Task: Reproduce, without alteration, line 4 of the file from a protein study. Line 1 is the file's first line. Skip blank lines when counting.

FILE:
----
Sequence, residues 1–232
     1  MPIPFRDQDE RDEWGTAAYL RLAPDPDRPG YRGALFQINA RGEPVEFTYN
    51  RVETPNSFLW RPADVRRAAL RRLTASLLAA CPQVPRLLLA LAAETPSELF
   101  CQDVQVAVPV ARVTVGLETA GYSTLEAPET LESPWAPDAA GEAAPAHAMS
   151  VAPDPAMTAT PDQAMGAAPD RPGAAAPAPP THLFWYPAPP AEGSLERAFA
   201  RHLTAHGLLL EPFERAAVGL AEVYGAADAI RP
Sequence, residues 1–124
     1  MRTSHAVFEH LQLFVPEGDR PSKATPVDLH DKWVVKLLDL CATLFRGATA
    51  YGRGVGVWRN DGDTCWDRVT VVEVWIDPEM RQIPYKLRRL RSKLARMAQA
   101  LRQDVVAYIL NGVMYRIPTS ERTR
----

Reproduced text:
   101  CQDVQVAVPV ARVTVGLETA GYSTLEAPET LESPWAPDAA GEAAPAHAMS